September 24, 2016

Philip Muspratt, Can House

view from the street (May 2016)

Facing the North Sea, Hartlepool is an industrial and harbour town of some 92.000 inhabitants in the far north west of England, known from its now gone, once very numerous shipbuilding companies.

In terms of art environments by non-professionals the town could boast a very special site: a house with exterior walls decorated with thousands of beer cans, as well as separate beer can structures in the back yard.

To my knowledge, such a site is a unique kind of art environment, not alone in the United Kingdom, but also throughout Western Europe (In the United States there are some examples of sites decorated with beer cans).

Philip Muspratt (2011)
this picture and the next four are screenprints from the 
Can House movie/trailer (see documentation)
published here in agreement with Maxy Neil Bianco

Life and works

This Can House was created by Philip Muspratt (1952-2015). A married man with four children, he worked as a bus driver, but had to retire prematurely because of a disability.

To amuse his father, who had come to live with him after his wife died, Muspratt started in 1995 constructing a wall in his backyard from empty beer bottles. It became a creation of some 10 m (33 ft) long and 1,5 m (5 ft) high.

Apparently enthusiastic by this activity, Muspratt decided to continue, partly because he thought that in this way he could raise money for the restoration of a local church.

decorations at the front side (2011)

So he began decorating front and side wall of the house, initially using beer bottles, but from 2005 on working with beer cans. gluing bottles and cans together and to the wall with waterproof adhesive and arranging them in geometrical patterns.

And then Muspratt also made stand alone creations, such as a barbecue installation and the pyramidal structure pictured below, which is a fountain that actually sprays a jet of water.

fountain in the backyard (2011)

At long last Muspratt had processed some 75.000 beer bottles and cans. Family and friends helped to gather these. As Muspratt said in an interview  with a local newspaper (not available anymore):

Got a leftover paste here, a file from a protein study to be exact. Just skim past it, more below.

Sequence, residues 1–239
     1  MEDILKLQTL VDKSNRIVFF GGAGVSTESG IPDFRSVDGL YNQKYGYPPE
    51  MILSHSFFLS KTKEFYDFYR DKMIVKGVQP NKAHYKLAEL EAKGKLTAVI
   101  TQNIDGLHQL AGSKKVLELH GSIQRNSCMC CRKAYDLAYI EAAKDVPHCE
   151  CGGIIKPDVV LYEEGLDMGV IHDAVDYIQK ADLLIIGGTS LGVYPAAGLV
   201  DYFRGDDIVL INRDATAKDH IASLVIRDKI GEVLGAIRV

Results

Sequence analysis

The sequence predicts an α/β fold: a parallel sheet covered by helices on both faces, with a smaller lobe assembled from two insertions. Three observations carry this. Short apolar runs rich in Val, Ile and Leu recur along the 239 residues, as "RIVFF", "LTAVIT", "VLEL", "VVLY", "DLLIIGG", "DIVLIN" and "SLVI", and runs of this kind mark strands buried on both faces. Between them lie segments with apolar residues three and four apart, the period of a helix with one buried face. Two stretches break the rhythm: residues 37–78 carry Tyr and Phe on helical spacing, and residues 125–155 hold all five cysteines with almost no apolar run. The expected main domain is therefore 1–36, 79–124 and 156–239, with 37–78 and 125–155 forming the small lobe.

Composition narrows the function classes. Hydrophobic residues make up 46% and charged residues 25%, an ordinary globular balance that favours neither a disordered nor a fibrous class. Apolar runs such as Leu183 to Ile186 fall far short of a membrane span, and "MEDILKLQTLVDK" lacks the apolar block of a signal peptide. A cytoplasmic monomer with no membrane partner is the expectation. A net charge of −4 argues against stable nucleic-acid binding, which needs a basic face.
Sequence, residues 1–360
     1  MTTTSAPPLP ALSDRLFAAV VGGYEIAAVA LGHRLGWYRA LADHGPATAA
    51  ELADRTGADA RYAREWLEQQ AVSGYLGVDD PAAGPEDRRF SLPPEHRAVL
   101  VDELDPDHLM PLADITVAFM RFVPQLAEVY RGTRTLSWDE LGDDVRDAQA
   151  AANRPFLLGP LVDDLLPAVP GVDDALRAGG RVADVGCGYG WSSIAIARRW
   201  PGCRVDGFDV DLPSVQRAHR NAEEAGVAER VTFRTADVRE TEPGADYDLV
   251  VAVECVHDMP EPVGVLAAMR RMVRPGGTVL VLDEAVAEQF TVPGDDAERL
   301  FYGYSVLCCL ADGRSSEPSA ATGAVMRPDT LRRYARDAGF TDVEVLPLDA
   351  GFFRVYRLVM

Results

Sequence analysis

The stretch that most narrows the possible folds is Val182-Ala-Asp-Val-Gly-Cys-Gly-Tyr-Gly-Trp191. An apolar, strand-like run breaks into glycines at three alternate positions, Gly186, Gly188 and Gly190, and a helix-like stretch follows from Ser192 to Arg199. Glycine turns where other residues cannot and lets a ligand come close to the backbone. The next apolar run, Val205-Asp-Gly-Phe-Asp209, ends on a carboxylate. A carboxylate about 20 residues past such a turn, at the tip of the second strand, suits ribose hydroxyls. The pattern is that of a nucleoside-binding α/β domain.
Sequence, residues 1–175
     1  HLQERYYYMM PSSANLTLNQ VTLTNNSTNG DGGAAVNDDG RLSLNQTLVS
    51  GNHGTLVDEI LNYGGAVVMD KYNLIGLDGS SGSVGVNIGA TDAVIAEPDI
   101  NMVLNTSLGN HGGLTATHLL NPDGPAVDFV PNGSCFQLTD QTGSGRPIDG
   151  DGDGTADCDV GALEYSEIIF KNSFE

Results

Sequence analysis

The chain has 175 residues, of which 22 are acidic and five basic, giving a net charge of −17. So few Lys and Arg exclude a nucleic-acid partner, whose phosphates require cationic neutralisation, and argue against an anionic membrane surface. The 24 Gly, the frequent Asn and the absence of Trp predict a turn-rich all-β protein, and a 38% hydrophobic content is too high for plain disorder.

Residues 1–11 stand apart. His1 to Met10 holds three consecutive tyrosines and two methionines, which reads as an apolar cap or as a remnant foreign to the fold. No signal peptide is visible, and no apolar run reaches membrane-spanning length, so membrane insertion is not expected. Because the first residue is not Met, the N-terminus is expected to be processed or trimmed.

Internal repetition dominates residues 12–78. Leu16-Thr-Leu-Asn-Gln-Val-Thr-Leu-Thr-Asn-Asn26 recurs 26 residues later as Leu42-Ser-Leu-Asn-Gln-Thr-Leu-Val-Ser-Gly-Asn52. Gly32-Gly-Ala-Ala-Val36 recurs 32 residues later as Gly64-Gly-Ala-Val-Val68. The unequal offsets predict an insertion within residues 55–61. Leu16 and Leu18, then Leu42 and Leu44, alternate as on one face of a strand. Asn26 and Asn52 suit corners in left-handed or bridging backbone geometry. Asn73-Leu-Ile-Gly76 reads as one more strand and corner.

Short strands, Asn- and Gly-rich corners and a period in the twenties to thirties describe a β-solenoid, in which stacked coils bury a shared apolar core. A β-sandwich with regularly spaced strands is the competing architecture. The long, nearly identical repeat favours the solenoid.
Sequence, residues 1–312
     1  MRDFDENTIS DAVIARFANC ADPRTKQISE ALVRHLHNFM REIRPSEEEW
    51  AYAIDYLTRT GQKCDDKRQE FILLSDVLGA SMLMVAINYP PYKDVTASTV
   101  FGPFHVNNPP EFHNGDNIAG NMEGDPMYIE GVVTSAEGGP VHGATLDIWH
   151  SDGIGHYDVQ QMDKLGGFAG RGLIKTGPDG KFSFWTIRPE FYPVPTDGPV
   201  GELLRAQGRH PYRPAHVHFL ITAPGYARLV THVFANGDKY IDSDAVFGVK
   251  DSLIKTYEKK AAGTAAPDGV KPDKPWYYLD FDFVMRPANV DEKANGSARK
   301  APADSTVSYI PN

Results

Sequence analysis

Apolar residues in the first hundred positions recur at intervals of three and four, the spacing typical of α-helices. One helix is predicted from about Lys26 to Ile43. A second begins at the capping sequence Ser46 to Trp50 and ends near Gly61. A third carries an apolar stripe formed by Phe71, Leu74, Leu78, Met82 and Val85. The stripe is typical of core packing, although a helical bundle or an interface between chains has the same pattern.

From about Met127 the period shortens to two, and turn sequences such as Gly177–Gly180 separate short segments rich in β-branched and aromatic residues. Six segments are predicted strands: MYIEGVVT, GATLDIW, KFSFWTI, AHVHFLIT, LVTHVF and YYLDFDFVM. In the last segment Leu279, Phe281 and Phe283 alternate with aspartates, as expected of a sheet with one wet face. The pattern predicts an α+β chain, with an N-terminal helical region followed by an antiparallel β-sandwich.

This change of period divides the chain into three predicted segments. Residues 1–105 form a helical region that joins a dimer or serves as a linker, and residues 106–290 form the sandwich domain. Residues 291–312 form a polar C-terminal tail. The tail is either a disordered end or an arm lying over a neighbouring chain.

We've all done our fair share of drinking to get the cans, but people come and donate their empties once they hear what I'm doing.

detail (2011)

Can House, the movie

Filmmaker Maxy Neil Bianco, from Hartlepool, valued the Can House and its creator as a good subject for a documentary film, a topic he not just viewed in terms of contemporary folk art, but also as an act of defiance, a two fingers up to the hand of fate, to a world slowly degenerating and disappearing.
Muspratt and his family and friends were gladly willing to participate in the film and in 2011 its footage was shot.

It became a great documentary. Against the background of the transience of the old port town it gives a picture of people at the edge of society who in their own way create a thing of beauty, which somehow gives sense to their lives. Indeed, that's what art environments might be about.

Actual situation

Maxy Neil Bianco's movie was also of historical significance because it documented an art environment which for some time already was at risk with decomposition because of plans of the authorities to renovate the district where it was located.

Phillip Muspratt would not experience the disappearance of his creation. He died September 20, 2015 at age 63.

Early January 2018 a newspaper reported that the family by court order had left the house, which was knocked down to make way for new houses.

* Peter Wilson, "The Can House. Embellished property in north of England", in Raw Vision nr 91 (October 2016) (adapted in SPACES website)
* Article on Mail Online, nov 2015

* Trailer of the Can House movie below (3'25", YouTube, uploaded November 2011)

* Maxy Neil Bianco, Can House, film first screened 2012, 51'56". available on Vimeo

Philip Muspratt
Can House
Corner Raby Road/Raby Gardens
Hartlepool, North East England, UK
in 2018 the house has been knocked down to make way for new houses

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